Brazilian Jiu-Jitsu and Me

I remember the first time I came across Brazilian Jiu-Jitsu very clearly.  I was very impressed, so it’s been easy.

Boys like to wrestle and fight each other.  It’s not malicious, just natural playfulness and an instinctive need.  When I was 16 in a rural fishing town in New England, wrestling and fighting was the activity of choice and we prided ourselves in our little town’s supremacy in this skill in that area.  One day a friend of mine brought a buddy of his from another town to hang out at my house.  Some other kids showed up and wrestling started.

The new kid wanted to try, we told him we’d probably hurt him (he was a skinny guy with glasses, private school kid).  He said he had studied Bazilian Jiu-Jitsu and thought he should be fine.  He proceeded to wipe the floor with a roomful of fearless muscle-bound fisherman’s sons and me (my family were transplants from Kentucky and did not fish).  I don’t even think his shirt came un-tucked.

It left an impression on everyone and several of us actually went on to study various forms such as Brazilian Jiu-Jitsu after that.  I have studied taekwondo and Shoalin Gong Fu and trained with people from many schools and I am still convinced that Jiu-Jitsu is the most effective fighting system out there.

The reason Brazilian Jiu-Jitsu is so effective is the brilliant use of natural forces like leverage, momentum, weight and balance in its techniques which maximizes the output of force.  Unlike many styles of martial arts that depend on brute strength when striking and an ability to with stand powerful blows to the head and body, Jiu-Jitsu uses cunning, strategy, and physical science to give the advantage to skill over strength.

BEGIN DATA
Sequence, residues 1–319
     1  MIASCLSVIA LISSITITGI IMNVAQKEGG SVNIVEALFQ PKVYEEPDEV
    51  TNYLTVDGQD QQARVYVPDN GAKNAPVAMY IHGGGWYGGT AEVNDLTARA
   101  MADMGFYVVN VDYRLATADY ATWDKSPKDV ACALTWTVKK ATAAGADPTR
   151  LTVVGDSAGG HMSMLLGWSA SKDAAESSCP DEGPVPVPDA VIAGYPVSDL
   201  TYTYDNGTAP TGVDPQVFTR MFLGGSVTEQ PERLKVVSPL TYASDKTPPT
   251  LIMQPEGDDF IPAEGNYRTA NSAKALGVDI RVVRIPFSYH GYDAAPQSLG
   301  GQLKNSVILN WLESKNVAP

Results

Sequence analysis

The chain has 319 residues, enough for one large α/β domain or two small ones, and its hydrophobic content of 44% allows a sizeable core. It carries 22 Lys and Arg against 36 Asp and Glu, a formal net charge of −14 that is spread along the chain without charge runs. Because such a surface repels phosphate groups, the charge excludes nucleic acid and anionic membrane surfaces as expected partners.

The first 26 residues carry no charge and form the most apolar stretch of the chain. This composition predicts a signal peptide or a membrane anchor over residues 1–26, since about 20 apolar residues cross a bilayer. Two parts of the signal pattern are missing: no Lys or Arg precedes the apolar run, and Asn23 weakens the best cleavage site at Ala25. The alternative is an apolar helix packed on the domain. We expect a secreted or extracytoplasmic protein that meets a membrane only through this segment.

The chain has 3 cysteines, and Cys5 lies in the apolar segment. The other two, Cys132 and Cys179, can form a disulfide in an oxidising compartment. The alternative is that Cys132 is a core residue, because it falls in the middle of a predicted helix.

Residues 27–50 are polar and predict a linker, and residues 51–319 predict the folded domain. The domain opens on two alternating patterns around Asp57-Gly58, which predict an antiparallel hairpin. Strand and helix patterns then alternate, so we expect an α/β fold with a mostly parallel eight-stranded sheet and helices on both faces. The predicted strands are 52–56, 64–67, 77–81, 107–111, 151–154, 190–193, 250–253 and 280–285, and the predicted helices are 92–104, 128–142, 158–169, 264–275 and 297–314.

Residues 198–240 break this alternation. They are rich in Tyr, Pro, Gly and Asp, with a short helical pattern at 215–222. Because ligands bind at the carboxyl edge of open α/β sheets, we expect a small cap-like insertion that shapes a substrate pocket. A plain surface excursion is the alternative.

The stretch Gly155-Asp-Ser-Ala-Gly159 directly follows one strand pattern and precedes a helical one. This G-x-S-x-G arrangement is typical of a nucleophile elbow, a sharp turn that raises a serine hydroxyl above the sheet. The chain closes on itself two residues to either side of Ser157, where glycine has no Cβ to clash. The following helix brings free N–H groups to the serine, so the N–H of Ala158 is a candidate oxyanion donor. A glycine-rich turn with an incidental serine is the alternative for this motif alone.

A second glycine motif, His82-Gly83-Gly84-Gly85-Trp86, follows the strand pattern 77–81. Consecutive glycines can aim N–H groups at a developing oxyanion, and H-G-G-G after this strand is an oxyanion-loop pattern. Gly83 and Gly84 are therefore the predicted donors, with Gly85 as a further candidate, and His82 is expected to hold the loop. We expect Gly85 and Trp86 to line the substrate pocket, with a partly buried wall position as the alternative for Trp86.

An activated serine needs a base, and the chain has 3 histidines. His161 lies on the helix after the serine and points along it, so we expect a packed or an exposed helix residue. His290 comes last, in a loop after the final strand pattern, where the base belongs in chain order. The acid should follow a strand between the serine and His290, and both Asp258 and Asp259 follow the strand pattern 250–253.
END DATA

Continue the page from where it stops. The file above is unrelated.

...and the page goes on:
When tested on real world effectiveness, most stylized martial arts techniques don’t hold up that well.  A lot of techniques are difficult or impossible to perform if the other person isn’t going along with it.  What that means is: what a technique feels and looks like and how it works when your partner is anticipating and allowing it is very different than how that same technique fires off if the opponent is doing everything to resist it.

Jiu-Jitsu’s techniques, especially the highly developed ground and grappling techniques of the Brazilian Jiu-Jitsu schools, consistently perform better than those of let’s say taekwondo.  That doesn’t mean that taekwondo is not a beautiful art with some great techniques, but on the basic levels it is not as suitable for a real street fight.

Another important advantage of Brazilian Jiu-Jitsu is its simplicity.  Within the world of Gong Fu or Kung Fu there are many ferociously effective styles.  The big problem is that in order to really make them work effectively requires a lifetime of very devoted training and a certain degree of natural ability.

Brazilian Jiu-Jitsu on the other hand is a very cut and dry scientific form of combat and one that a person can gain a functional ability in with maybe two days of training a week for several months.  Just imagine how effective it is after a few years!

About Paul Halme

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